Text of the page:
Omar Nelson Bradley
Omar N. Bradley was born in 1893 in the city of Clark, Missouri, in the United States.
He graduated from the West Point Military School during the First World War in 1915. In the early years of his career, he became Commander of the Infantry School in Fort Benning, Georgia, and then Commander of the 82nd Division. Airborne and the 28th Infantry Division.
His first military actions of the Second World War took place in North Africa, under the command of General Patton. Bradley is behind the capture in May 1943 of Tunisia and nearly 250,000 German soldiers. Then he embarks on the conquest of Sicily that he occupies in August 1943.
A few months later, Bradley was called to England, with the aim of preparing for the invasion of northwestern Europe and commanding the 1st US Army Corps under the command of the British General Bernard Montgomery, who must begin this invasion.
On June 6, 1944, Bradley is on the battleship USS Augusta and observes the landing on the beaches of Utah Beach and Omaha Beach. The situation on Omaha is so disastrous that he even thinks to interrupt the landing on this beach, re-embark the American troops and redirect them to Gold Beach. But the boats are not sufficient to allow such an operation. Thus he continues the operation which results in a semi-successful, the American losses being extremely high.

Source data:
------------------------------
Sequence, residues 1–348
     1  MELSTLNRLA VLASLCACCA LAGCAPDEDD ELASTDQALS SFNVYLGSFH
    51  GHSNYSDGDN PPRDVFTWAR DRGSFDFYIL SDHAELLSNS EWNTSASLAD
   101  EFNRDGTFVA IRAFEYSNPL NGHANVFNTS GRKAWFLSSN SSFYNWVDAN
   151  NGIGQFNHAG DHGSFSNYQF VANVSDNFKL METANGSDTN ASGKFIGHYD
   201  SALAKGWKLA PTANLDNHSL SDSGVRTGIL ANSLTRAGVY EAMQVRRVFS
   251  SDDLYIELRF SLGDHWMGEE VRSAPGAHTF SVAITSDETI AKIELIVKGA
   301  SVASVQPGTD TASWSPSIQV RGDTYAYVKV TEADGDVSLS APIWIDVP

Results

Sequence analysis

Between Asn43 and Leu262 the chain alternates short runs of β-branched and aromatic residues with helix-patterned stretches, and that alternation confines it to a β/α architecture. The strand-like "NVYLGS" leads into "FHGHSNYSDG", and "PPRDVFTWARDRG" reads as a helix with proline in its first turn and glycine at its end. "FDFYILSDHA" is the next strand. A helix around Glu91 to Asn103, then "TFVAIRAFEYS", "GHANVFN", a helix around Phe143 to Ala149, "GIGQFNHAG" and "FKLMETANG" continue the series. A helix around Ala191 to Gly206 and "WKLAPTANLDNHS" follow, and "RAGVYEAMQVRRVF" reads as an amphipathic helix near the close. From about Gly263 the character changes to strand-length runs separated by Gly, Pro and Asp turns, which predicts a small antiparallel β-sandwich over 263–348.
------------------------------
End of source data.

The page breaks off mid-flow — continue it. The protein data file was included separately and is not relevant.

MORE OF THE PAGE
Later, in August 1944, he took command of the 12th Army Group, then composed of the 1st, 3rd, 9th and 15th Armies, the largest group ever formed by the Americans.
After the war, Omar Bradley returned to the United States and took care of the US Department of Veterans Affairs between 1945 and 1947, during which time he became a fourth general star. From 1948, until 1949, he was the supreme leader of the American armies, replacing Dwight Eisenhower.
Bradley is a senior officer highly appreciated by his colleagues, both officers and men of the rank. Thus, in 1949, he became the first president of the chiefs of staff. At the end of his career, in 1950, he was appointed General of the US Army.
In 1951 he published his memoirs, entitled A Soldier’s Story. Returning to civilian life in 1953, he then worked in a private company. Omar Bradley dies in 1981 in New York. He is buried at Arlington National War Cemetery, Virginia.
In 1983, two years after his death, in 1983, another volume of his memoirs: “A General’s Life” is published thanks to the work of Clay Blair made from Bradley’s manuscripts.